There’s an article over at the Washington Post on an interesting project that could reduce the cost of higher education considerably:
President Obama is proposing to make community college tuition-free for qualified students nationwide. But what if anyone could take the first year of college free online?
A New York philanthropist announced a $1 million donation Wednesday that aims to make that possible through an online venture overseen by the Massachusetts Institute of Technology and Harvard University.
Steven B. Klinsky’s idea is for students to take foundational courses through the online venture edX that would prepare them for College Board examinations in various subjects. Those who pass enough Advanced Placement or College-Level Examination Program tests conceivably would be able to enter college as sophomores. That would cut the price of a bachelor’s degree by a quarter.
That’s closely related to something I’ve proposed here from time to time. The main difference is that I proposed a cooperative venture on the part of several states which would use funds presently being used to support non-performing brick and mortar colleges.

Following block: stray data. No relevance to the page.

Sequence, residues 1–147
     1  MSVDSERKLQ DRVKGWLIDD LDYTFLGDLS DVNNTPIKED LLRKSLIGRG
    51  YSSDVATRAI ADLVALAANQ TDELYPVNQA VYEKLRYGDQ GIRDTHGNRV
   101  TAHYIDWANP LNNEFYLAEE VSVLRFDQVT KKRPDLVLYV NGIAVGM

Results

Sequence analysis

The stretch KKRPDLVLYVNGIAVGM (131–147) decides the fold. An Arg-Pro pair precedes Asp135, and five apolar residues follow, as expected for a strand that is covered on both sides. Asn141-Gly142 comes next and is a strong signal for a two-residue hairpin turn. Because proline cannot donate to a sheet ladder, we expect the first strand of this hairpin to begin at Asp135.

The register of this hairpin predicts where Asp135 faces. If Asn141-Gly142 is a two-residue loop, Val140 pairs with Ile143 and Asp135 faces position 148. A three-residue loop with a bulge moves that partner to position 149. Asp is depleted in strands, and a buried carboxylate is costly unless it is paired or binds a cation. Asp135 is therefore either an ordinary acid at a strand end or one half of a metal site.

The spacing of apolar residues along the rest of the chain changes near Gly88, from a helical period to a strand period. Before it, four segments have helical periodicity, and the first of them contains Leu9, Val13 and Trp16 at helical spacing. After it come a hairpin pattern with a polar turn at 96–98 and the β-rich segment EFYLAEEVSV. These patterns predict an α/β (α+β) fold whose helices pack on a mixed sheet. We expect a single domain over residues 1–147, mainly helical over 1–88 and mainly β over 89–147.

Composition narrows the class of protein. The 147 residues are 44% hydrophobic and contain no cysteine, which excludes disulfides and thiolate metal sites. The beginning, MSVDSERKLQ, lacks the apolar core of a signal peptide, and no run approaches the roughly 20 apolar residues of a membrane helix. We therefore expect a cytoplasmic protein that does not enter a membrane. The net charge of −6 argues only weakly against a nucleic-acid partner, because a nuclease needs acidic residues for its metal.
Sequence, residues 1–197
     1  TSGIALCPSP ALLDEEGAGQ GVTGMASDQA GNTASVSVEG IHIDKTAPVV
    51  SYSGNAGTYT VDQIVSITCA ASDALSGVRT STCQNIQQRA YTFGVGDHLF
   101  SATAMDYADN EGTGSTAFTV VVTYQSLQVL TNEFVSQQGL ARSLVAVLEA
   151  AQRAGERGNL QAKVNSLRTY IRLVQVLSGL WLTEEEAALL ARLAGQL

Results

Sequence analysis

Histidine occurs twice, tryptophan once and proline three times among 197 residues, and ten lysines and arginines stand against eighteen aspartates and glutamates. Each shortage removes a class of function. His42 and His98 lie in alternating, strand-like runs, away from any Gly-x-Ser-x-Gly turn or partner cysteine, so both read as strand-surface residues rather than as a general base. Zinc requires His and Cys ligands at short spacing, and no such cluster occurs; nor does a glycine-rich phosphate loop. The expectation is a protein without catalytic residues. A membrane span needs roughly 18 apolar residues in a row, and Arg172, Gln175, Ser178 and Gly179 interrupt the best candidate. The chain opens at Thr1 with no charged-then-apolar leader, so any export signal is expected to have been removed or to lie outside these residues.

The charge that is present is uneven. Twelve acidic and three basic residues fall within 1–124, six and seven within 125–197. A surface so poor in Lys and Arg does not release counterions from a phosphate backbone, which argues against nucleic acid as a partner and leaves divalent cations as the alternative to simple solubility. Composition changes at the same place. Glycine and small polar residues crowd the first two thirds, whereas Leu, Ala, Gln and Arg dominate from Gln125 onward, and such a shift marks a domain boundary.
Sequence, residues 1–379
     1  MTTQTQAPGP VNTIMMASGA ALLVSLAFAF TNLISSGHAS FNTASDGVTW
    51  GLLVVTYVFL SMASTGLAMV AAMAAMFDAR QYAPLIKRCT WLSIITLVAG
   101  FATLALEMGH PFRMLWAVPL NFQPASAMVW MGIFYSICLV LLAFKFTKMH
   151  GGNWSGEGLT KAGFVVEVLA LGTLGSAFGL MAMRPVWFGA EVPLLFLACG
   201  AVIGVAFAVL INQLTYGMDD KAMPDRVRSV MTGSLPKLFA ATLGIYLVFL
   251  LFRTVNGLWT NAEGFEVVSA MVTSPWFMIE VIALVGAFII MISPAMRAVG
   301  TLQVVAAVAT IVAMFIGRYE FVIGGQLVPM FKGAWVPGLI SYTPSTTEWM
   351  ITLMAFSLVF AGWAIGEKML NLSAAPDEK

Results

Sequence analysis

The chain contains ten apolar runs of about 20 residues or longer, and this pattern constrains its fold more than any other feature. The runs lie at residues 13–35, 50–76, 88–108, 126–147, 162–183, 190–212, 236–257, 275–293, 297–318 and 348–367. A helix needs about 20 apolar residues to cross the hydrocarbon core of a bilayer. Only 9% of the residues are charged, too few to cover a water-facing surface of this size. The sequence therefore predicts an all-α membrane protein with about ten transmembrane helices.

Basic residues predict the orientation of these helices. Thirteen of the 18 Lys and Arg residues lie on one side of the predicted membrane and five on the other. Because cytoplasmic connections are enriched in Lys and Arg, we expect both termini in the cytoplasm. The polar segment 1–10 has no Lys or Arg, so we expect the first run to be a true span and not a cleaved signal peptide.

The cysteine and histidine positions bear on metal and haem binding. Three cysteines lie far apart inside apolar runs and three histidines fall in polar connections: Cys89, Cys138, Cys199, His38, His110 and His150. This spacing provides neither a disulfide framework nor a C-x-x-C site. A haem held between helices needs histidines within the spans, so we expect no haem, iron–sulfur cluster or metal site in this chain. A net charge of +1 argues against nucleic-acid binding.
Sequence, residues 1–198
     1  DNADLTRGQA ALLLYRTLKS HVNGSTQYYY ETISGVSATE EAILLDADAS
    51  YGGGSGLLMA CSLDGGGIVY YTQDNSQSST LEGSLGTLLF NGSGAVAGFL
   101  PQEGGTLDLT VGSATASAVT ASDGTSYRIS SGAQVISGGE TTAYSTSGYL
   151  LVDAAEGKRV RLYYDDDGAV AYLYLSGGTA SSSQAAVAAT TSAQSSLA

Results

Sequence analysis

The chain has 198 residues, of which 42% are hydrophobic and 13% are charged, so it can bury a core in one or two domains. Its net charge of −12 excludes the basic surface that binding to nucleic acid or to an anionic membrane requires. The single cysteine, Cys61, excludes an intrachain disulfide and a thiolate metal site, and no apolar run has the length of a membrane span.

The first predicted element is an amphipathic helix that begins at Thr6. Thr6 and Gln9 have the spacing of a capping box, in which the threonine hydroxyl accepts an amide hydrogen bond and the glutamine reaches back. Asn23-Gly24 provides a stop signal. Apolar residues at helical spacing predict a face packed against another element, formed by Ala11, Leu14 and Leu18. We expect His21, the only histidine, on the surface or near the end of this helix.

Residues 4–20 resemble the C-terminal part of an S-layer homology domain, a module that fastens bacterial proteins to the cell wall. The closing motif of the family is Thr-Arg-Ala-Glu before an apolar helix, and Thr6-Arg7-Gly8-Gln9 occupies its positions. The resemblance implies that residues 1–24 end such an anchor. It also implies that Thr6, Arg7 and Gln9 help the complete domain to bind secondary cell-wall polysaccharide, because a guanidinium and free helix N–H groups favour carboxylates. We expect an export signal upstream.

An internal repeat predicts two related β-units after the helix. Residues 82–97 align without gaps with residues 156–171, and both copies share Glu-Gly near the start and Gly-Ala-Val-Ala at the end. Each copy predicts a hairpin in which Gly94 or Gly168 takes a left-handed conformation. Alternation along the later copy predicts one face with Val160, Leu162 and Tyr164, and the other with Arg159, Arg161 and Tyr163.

Nick Anderson, the author of the article, editorializes a bit:
Klinsky’s vision — “freshman year for free” — echoes in spirit what Obama proposed last week. The president wants Congress to approve $60 billion over the next decade for a partnership with states that would eliminate community college tuition for “responsible students” who get adequate grades and make academic progress.
I think the vision being offered is significantly different from President Obama’s proposal in a number of ways. The most obvious, of course, is that it’s a private initiative and wouldn’t crowd out or compete with other federal government spending priorities. Another way is that Mr. Klinsky is proposing something that is free while President Obama is proposing something that is “free”, i.e. it would not increase the student’s spending or indebtedness but it would increase the federal governmenet and state governments’ spending on higher education.
Still, I’m glad to see creative approaches being offered to the problem of the expense of higher education whether it’s being offered by a private individual or the president. Lord, send us a cure! The disease is already here.